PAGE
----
Despite the enormous progress of technology over the past 25 years, trade remains a heavily paper-based business. Many outside observers feel it is characterized by a lack of global standards and a preponderance of local regulations instead, almost inevitably introducing additional complications.
What every corporate wants
Funding, pricing, quality of service and risk appetite have traditionally been, and will remain, important criteria for corporates when choosing their trading and financing partners. Corporates expect financial services to be in the right place, at the right time for an easy client journey. We already see this “bankless banking” trend happening in business to consumer (B2C) models that fluently embed financial services within the underlying business processes. In an ideal world, corporates are looking for a unified and seamless digital environment to manage their trade flows, enabling them to connect to all stakeholders involved in their supply chain, end-to-end, for tracking goods, financing, payment solutions, managing purchase orders and invoices, etc. We are not there yet, but this is a goal that banks must take on board when defining their strategic vision of the future of trade.
New world, new solutions
New digital solutions to manage trade flows have emerged, but they are often focused on a single segment of the trade value chain (commercial flows, physical flows or financial flows) and struggle to expand into others. In this fragmented landscape are many of the foundation stones of a new digital ecosystem, but corporates are not convinced that they can yet see a clear route to an “end-to-end” offering. Some players in the supply chain have started to expand their activities to cover a broader spectrum, as we can see from the introduction of marketplaces providing loans or payment solutions, such as Tradeshift or Qupital. Although this trend fosters new ways of conducting business between corporates, it remains far from being the fully integrated ecosystem they aspire to. Banks are also switching the way they operate trade finance products, moving away from paper-based document management and towards data-driven processes. This enables quicker and safer compliance checks, process automation and better processing times.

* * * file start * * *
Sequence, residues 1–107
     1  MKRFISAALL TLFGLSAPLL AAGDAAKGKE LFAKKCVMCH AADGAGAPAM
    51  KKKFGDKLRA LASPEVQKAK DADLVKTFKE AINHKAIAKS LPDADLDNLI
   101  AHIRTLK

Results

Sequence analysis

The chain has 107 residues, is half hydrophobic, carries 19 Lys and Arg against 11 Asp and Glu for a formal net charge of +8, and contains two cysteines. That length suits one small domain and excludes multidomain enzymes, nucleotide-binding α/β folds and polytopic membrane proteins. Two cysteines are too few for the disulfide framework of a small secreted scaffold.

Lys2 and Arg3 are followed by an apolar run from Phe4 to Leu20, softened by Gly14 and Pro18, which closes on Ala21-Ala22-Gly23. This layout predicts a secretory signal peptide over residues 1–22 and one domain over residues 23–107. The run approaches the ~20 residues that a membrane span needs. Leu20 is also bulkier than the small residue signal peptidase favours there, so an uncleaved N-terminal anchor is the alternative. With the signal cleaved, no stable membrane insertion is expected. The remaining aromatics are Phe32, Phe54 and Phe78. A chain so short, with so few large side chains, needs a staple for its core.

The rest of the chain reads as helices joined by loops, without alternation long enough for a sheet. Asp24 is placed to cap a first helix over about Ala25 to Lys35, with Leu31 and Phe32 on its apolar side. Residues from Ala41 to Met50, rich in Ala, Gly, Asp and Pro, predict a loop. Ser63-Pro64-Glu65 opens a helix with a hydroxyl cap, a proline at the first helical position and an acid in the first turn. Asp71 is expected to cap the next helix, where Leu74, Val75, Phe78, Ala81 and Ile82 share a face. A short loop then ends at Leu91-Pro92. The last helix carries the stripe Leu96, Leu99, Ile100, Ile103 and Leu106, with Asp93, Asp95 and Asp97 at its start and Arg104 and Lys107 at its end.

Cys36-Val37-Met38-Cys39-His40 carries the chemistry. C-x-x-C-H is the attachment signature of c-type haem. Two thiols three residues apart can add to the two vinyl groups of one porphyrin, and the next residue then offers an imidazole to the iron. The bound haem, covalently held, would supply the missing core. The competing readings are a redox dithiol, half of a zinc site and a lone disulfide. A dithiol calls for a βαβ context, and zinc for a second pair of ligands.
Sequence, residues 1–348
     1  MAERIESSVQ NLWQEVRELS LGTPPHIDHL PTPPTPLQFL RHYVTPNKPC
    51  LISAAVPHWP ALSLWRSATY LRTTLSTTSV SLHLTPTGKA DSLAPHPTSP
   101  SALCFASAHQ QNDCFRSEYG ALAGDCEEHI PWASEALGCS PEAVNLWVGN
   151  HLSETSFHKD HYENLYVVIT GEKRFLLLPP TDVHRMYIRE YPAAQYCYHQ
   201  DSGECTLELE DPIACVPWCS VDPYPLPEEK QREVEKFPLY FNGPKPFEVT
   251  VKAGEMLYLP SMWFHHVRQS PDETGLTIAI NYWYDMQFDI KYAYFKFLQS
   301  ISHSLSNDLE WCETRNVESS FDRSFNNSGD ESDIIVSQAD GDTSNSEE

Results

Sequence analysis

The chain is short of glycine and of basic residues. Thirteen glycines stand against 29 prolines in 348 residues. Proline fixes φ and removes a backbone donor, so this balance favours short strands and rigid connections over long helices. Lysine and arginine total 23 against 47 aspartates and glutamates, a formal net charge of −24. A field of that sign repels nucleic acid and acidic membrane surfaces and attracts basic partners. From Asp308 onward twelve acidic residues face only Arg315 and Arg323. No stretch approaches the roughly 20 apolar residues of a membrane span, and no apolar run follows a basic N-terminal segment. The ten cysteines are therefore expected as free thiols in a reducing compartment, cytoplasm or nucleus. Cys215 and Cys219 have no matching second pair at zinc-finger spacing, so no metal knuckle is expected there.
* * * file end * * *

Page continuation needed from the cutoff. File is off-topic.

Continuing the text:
We have to talk about blockchain
And, of course, we have to talk about blockchain – a technology that is very important for trade and trade finance because of its distributed nature and its strong native network effect. New business opportunities arise from these new technologies. A number of banks have partnered with other banks and IT firms to build digital trade platforms using blockchain with the aim of securing and financing domestic and international trade. Marco Polo, we.trade and Voltron are just some of the new names on the block. For example, we.trade helps small and mid-sized companies handle their intra-European flows by offering the ability to secure transactions that are currently processed on an open account basis: thanks to blockchain smart contracts, partners can agree on the events that will automatically trigger payment and eventually financing. As a result, transactions are much more secure than in the open account trading systems of the past. However well you might know your trading partner, history shows the advantage of having an independent source of support and comfort.
Across the universe
For the future, we envisage the emergence of large, interconnected trade ecosystems that bring together players from across the trade and supply chain, sharing a secure international legal framework and developing global standards across the entire trade value chain. Common standards, shared legal frameworks and interoperability of platforms are the three pillars that are absolutely essential to succeed. As trusted third parties, banks sit on a huge goldmine of data. The combination of such data and the use of artificial intelligence will enable banks to leverage their greater understanding of trade transactions (in tracking and analysing patterns, for example) and to offer new services. One added complexity is that banks face a number of hurdles that would-be disruptors do not, in the form of legacy systems – whether in terms of IT, human beings or ossified processes. Corporates want quicker, more transparent and more secure systems, and many do not particularly care about who provides them. If banks miss that particular train, it is likely that more agile players will jump on, and include financial services initiation in their ecosystems (as in B2C payments with Amazon’s one-click button or an Adyen card payment-type solution as used by Uber, Netflix and Leboncoin). Banks run the risk of being distanced further from their customers, and of losing contextualised data, cross-selling opportunities and simple everyday interactions.
A clear path to the future
To retain customer loyalty and remain a trusted partner to their corporate clients, banks need to focus not only on building the future of trade around blockchain, data and artificial intelligence but also to keep steadily investing in improving customer experience and cost-efficiency. There is a clear path to the future for those who have the vision to see it. Those who can turn that vision into effective implementation and execution will have a central role to play in the exciting future that awaits.